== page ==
China is rebuilding its national pig herd after heavy losses in recent years due to African Swine Fever. Currently, there are over 440 million live pigs in China, notes Asim Anand, senior editor at SP Global.

Brazil also exports sizeable amounts of whole soybeans to Europe and additional volumes to Asia, the Middle East and other parts of the world, says Vogel. Soybean meal produced in Brazil is exported to many countries, with Europe being the largest destination followed by countries in eastern and southern Asia.

“We expect soybean acreage in Brazil to continue to increase,” says Vogel. “In the past 5 years, it has been 2-3% a year, but already for this year’s crop it was close to 4.5%. And it may be even larger than that in 2022 as demand is strong and farmers are making good margins given high global prices and a relatively weak Brazilian currency.”

EU and Europe

Vogel notes that in the EU, there is a relatively stable livestock population and, while soybean production in the EU has increased over the last decade, meal made for stock feed from EU soybeans only currently amounts to about 7% of what’s needed.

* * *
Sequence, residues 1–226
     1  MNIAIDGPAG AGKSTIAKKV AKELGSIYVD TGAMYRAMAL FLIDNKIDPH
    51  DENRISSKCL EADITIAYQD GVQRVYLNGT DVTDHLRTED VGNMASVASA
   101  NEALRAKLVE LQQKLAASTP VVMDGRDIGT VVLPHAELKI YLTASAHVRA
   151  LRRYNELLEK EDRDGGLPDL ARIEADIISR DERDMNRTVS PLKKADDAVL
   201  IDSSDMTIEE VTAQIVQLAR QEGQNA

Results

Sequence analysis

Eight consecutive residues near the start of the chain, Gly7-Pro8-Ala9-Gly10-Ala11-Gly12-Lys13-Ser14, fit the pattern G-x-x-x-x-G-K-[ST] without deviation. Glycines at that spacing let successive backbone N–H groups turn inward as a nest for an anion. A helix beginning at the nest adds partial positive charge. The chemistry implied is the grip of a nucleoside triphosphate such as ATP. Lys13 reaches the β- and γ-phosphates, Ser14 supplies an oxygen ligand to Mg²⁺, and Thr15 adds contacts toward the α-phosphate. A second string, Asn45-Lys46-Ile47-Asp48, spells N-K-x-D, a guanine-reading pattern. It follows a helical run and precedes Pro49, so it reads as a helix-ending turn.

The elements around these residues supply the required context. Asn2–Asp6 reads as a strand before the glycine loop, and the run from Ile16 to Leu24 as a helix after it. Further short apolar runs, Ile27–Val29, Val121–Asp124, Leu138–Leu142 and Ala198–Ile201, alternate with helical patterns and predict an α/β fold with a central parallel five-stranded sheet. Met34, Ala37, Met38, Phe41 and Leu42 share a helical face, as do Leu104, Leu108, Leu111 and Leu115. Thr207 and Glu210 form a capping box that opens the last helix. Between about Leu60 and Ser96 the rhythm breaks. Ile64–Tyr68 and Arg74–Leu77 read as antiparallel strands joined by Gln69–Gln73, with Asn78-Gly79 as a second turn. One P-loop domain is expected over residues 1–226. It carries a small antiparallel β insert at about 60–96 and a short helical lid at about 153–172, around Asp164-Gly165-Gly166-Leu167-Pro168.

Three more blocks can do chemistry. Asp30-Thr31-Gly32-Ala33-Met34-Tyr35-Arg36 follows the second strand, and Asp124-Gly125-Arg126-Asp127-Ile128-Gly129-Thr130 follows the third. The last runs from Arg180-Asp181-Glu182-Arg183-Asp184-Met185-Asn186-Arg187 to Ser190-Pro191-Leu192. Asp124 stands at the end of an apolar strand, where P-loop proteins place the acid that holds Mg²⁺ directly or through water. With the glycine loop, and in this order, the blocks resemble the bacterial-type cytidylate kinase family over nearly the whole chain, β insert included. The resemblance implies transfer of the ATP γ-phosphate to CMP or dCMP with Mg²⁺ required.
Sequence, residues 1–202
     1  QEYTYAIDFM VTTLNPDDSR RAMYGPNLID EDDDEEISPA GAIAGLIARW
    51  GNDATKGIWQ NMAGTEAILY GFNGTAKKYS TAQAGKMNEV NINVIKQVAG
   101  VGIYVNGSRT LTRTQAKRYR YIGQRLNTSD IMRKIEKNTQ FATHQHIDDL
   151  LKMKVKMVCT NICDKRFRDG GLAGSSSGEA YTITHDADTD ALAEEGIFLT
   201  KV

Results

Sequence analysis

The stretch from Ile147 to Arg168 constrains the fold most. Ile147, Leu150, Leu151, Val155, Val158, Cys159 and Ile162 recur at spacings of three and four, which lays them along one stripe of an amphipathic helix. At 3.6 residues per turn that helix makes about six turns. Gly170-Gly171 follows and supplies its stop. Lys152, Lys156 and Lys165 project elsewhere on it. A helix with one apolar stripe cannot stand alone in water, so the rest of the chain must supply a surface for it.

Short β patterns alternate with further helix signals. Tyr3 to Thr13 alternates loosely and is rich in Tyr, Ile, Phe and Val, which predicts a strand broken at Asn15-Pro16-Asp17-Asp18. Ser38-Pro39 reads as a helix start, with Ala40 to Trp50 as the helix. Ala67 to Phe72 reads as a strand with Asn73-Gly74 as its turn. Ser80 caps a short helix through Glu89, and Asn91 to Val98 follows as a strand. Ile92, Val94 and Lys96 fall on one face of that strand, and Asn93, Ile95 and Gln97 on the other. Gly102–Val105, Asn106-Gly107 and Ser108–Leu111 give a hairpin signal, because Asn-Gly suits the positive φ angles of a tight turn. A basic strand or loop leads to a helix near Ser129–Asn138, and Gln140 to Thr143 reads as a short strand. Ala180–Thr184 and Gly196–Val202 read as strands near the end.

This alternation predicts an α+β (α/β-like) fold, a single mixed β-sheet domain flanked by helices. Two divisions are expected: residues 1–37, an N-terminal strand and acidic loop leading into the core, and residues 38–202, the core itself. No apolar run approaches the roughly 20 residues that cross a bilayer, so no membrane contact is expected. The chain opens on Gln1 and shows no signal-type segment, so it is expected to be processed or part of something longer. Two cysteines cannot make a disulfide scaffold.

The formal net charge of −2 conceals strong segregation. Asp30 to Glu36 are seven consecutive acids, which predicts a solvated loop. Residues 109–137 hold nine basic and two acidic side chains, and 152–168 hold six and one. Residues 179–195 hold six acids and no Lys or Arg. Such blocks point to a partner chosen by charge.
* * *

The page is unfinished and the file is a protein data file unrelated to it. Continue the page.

“We need 28-29 million tonnes in the EU, not including the UK, and only about 2 million tonnes thereof is from soybeans domestically grown,” he says. “The rest is imported, with over half of the EU’s needs as soybean meal mostly from Brazil and Argentina. The remaining 35% or so stems from imported soybeans processed in the EU, again largely from Brazil and Argentina, and little from North America and Paraguay. At this point and for the foreseeable future, the EU will have to continue to import soybean meal for livestock feed if we want to keep up current meat consumption.”

However, Europe Soya President Matthias Krön notes that if we look at all of Europe, soybean production is growing and the potential to increase acreage is very high. He explains that soybeans are an excellent choice for crop farmers across Europe, especially in Ukraine and Serbia, because there are now fewer crop protection products available and nitrogen fertiliser will continue to be very expensive. “Soybeans fix their own nitrogen and grow well in many regions without any products,” Krön observes. “The crop is also able to be grown in more northern countries, as corn is, and more farmers are learning how to grow soybeans. There are also subsidies available. There are 10 million tonnes grown now in Europe and this will grow to 15 million tonnes in the next 9 years, of which 80% goes into animal feed.”